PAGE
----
'Hire a hospital visitor', testicular cancer survival rates soar and can a blood test diagnose Alzheimer's disease?
A round up of the health news headlines on Monday 29 July.
Over the weekend the Sunday Express brought us the news that the Patient Advocacy Service is trialling a new service which will allow people to hire a hospital visitor for up to £25 an hour to visit loved ones.
The Guardian brings us the good news that almost every man in the UK diagnosed with testicular cancer is now beating the disease.
New figures from Cancer Research UK show that ten year survival rates have increased by almost 30% in the past 40 years. More than 96% of men treated for testicular cancer today are still alive after ten years, compared with less than 70% in the 1970s. Although there is a slim chance of the cancer returning after ten years, they are considered cured.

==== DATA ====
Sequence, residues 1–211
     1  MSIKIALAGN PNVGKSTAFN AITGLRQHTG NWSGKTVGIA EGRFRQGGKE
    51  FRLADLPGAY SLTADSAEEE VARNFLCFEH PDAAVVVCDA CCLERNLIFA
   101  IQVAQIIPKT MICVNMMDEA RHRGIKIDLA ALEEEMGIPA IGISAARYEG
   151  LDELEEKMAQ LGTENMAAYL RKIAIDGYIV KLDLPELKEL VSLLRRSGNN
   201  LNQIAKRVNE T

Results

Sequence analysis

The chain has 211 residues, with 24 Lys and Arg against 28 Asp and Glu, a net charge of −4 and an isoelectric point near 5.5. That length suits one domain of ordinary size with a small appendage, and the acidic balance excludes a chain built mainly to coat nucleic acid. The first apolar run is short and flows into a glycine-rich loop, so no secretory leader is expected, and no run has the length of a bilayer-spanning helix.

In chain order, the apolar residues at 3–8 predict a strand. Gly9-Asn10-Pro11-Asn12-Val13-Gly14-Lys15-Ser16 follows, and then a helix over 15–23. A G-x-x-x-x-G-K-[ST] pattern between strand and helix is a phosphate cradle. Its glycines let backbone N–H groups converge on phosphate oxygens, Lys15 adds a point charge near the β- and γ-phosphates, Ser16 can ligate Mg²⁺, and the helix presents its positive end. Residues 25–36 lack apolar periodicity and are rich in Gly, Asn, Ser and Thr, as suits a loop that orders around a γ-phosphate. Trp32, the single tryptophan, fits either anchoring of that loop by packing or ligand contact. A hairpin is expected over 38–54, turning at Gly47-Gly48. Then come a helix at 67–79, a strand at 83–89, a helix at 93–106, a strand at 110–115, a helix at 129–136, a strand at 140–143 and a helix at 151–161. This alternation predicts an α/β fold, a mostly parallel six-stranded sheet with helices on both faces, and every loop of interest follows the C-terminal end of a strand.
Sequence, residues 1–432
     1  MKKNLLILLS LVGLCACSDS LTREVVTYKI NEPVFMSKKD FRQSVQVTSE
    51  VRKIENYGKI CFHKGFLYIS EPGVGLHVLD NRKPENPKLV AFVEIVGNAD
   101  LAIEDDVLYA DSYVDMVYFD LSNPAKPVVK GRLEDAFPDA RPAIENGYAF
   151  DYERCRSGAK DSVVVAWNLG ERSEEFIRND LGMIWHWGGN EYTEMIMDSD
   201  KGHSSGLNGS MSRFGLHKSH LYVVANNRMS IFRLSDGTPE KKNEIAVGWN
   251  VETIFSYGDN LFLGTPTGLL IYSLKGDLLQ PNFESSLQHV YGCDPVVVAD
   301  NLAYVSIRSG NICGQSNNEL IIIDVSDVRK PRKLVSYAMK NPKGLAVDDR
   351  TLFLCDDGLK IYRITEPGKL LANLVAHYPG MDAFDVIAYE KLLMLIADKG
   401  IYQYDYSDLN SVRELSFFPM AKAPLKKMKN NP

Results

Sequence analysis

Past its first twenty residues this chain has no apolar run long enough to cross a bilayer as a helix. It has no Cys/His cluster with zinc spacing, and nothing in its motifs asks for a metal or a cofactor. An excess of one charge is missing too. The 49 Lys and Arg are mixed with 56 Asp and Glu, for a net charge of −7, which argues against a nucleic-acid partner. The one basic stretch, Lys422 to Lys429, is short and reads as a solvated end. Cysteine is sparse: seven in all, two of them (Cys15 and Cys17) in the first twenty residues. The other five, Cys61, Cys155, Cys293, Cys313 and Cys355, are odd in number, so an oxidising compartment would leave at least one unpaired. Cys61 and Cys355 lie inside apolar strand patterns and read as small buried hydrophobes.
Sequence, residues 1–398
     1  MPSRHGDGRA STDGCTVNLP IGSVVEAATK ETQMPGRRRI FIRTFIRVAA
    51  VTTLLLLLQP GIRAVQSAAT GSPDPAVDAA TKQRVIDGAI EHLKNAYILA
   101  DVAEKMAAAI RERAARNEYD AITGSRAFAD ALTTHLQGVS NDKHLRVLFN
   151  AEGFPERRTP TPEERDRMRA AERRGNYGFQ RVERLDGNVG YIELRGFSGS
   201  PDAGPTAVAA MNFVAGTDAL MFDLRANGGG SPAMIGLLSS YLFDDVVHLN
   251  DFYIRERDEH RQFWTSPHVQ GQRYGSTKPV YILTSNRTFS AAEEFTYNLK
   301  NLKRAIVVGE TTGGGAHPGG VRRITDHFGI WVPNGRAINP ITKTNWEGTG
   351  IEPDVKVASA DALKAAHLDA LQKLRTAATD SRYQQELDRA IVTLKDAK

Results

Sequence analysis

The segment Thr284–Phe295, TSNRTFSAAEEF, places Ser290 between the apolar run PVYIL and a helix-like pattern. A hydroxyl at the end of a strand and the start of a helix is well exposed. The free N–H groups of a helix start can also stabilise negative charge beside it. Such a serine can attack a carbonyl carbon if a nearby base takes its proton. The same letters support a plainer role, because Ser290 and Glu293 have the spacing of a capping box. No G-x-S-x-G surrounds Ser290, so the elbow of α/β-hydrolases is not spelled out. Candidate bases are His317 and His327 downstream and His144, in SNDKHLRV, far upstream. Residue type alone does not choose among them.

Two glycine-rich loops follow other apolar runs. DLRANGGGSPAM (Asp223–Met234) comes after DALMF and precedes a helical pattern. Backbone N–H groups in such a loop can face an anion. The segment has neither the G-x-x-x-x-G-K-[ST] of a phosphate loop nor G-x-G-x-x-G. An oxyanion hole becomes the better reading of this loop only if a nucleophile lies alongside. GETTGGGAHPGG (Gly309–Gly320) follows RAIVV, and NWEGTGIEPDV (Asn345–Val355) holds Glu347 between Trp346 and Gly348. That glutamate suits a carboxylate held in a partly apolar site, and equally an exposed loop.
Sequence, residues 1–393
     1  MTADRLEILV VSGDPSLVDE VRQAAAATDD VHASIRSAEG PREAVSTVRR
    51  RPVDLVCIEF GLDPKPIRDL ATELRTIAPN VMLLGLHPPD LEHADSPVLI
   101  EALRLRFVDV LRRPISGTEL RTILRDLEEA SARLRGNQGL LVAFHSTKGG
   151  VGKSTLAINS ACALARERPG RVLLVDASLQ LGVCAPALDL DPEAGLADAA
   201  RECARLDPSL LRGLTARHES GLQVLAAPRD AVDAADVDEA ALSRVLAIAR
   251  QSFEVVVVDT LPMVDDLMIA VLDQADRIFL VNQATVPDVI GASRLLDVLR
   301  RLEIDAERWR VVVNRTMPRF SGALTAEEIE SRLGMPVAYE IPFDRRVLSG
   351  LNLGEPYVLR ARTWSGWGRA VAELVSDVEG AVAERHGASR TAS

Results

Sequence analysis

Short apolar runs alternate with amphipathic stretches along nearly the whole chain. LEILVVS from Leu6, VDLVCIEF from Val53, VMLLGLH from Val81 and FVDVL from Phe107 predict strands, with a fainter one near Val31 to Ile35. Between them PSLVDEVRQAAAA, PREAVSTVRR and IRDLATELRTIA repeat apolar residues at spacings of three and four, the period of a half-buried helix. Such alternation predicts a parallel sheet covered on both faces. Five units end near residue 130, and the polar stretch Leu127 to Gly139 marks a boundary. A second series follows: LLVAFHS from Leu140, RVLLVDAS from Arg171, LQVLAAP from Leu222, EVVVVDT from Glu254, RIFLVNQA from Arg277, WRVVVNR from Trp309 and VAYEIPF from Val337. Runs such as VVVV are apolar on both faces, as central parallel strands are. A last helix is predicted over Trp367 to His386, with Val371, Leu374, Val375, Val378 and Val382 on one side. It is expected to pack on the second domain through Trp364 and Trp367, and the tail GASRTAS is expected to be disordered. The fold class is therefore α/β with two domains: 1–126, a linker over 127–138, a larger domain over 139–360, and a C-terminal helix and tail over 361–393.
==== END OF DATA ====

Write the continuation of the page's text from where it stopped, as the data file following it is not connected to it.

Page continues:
Over at the BBC, researchers believe they are closer to developing a blood test to diagnose Alzheimer’s disease.
Differences in the tiny fragments of genetic material floating in the blood could be used to identify patients, according to a technique published in the Genome Biology journal.
After analysing 140 microRNAs (fragments of genetic code), researchers found that 12 microRNAs in the blood were present in different levels in people with Alzheimer’s. This formed the basis of their test. Early trials involving 202 people showed the method was accurate 93% of the time.